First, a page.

Coming into this year’s CES, we knew things would be different.

With many large companies having no presence on the show floor, and estimated attendance down, we expected a different feeling from the show. After attending press conferences from LG, Toshiba, Samsung, Panasonic, and Sony, we can certainly confirm our thoughts. With the world’s economy in recession, CE companies have had to change their marketing approach from those flashy, obscenely large screens that nobody could afford (remember all those “World’s Largest TV” claims?).

Photography for this and other AT CES articles provided by Laura Johnston

Companies are still showing off their fancy new gadgets, they’re just more affordable. Netbooks like Sony’s P Series Lifestyle PC are quite popular on the show floor; however there is now a new emphasis placed on being eco-friendly.

A solar powered battery charger? Green is in.

Every company this year took a significant portion of their allotted 45 min of time during the pre-CES press conferences to talk about the environmental impact of their products. From Energy Star 3.0 and ROHS compliance, to CO2 emissions reductions from factories, these companies are definitely starting to take the environment into consideration for their products.

More green

The Year of the Netbook

The popularity of netbooks have grown tremendously over the past year and on the show floor this year there was definitely buzz about some of the new models.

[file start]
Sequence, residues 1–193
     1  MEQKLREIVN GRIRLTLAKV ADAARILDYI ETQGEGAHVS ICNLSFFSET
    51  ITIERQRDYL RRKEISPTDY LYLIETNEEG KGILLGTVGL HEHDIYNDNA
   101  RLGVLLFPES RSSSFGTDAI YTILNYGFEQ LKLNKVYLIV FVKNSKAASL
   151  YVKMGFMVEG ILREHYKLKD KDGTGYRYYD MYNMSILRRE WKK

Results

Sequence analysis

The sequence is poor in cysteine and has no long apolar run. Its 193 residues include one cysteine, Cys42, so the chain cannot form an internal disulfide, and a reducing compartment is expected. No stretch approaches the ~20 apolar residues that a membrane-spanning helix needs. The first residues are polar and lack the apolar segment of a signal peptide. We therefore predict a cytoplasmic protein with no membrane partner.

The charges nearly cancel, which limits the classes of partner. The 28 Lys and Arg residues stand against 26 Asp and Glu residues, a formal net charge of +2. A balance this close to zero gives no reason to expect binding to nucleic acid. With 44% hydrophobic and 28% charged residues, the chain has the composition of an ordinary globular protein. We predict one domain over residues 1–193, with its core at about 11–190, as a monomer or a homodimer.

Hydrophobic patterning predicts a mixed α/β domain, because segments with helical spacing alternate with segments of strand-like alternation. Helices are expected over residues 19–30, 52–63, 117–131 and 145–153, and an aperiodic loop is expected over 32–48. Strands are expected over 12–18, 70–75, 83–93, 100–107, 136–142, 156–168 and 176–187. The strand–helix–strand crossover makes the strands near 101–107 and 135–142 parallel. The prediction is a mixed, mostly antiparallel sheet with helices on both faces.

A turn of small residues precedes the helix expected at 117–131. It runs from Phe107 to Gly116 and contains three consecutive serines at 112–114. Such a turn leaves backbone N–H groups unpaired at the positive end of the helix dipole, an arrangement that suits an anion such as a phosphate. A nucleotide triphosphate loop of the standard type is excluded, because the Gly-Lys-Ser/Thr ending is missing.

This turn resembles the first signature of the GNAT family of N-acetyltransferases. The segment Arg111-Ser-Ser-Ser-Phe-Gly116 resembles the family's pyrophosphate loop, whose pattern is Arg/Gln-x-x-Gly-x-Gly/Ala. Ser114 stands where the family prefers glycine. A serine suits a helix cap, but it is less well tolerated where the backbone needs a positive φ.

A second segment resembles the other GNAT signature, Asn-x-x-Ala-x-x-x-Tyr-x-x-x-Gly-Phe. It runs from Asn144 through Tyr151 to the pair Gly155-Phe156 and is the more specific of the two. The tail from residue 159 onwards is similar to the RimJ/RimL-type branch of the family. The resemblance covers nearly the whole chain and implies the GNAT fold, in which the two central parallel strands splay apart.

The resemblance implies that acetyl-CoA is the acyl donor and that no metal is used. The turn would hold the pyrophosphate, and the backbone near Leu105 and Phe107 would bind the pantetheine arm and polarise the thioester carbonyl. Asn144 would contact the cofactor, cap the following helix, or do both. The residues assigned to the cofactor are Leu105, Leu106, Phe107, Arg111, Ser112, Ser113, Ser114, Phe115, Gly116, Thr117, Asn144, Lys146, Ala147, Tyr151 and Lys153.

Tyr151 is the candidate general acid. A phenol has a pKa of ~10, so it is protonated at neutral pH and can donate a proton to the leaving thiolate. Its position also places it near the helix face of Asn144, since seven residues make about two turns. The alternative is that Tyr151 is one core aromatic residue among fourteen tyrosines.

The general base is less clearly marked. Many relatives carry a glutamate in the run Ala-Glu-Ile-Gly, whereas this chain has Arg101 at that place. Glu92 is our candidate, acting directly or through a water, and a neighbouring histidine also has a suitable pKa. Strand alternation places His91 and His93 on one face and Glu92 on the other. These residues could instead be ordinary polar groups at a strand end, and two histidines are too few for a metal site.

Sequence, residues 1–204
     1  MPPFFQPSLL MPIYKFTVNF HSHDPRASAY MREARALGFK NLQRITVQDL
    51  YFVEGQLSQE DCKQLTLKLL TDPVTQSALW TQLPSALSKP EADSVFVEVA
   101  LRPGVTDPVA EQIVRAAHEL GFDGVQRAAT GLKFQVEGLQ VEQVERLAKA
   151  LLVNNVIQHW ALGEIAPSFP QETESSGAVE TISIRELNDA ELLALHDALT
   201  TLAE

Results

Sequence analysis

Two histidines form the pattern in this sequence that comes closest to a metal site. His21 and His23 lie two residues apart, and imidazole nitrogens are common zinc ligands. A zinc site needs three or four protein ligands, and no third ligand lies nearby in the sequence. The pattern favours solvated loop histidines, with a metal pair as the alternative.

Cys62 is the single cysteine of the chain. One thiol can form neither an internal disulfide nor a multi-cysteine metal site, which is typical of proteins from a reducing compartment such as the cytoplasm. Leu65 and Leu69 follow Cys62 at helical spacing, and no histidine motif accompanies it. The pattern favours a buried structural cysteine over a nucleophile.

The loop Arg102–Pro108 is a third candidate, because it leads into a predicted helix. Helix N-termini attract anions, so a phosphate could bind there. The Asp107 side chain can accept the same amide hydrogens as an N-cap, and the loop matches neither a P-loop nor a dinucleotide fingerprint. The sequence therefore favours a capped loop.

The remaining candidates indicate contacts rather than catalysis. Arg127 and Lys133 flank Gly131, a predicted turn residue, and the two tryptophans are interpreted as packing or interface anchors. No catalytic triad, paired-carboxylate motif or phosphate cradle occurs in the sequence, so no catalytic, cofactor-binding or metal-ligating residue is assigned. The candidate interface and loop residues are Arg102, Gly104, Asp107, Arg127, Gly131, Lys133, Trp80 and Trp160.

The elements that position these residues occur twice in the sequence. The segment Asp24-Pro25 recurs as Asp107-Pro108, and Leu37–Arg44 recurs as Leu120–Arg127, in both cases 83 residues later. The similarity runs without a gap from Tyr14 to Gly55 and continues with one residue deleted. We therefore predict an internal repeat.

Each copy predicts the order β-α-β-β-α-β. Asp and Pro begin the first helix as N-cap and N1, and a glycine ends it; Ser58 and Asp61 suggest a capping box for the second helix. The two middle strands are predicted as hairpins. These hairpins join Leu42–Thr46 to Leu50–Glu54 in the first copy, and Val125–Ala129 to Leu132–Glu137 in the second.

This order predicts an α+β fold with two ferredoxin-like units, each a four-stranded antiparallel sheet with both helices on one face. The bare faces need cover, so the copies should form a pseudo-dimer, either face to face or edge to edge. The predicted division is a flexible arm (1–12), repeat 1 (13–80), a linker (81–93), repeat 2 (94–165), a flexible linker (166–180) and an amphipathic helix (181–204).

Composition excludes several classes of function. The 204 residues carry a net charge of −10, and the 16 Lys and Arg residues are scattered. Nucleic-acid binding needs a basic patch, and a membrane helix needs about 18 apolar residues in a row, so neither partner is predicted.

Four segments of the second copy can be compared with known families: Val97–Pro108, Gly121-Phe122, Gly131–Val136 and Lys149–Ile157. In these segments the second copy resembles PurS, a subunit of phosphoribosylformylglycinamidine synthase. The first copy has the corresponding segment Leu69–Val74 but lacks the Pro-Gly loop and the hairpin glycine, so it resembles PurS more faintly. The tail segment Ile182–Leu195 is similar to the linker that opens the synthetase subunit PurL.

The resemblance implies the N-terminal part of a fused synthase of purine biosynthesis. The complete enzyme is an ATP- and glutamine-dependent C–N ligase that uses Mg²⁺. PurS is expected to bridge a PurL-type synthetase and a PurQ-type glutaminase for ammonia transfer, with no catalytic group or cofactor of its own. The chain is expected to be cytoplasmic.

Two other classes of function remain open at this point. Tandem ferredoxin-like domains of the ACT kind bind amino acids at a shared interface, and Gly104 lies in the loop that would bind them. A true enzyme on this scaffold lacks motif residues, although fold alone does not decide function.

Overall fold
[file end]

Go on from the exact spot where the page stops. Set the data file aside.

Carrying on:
The Sony P Series launched as a “Lifestyle PC” however it’s basically a more stylish netbook. From a design standpoint, the device works well. At 1.4 lbs and 8” wide, it can fit into a large coat pocket or purse. The keyboard is roughly 90% the size of a full sized keyboard which is a huge plus. It’s also available in 5 “fashion-forward” colors.

However the internals are definitely lacking compared to other netbooks. With a 1.33 Ghz Intel Z520 Atom processor and Windows Vista pre-installed, even navigating the desktop is sluggish. It took over a minute just to get to Device Manager from the desktop.

And at an outrageous price point of $900, you’re not anything more than style for your money. For $500 you can get a HP Mini 1000 with a 1.6Ghz Atom N270 in a 2.5 lbs package.

Speaking of the Mini, HP unveiled their new HP Mini 2140 aimed at the commercial market.

Improvements over the 1000 include an aluminum case design and available SSD drive upgrade options. Starting at $499, the Mini has a 1.6Ghz Atom N270, 1GB of ram (max 2GB), and a 10.1” LCD display. Compared to the Sony P Series, this netbook is much more useable, it just doesn’t look as cool.

Intel Demonstrates "Talking" Cars


View All Comments

  • vjoose - Friday, March 13, 2009 - link

    Somebody please send a copy of this vista driver to my mail box...

    Enough suffers with the fxxking Intel driver. I just can't hold myself dreaming of turning my mini 12 to the one shown in CES ...
  • icrf - Tuesday, January 13, 2009 - link

    "The Imagination Technologies staff also ran a dual stream video decode demo where they had a Atom/Poulsbo netbook playing one 8Mbps H.264 video and a 1080p H.264 video on an external display, simultaneously."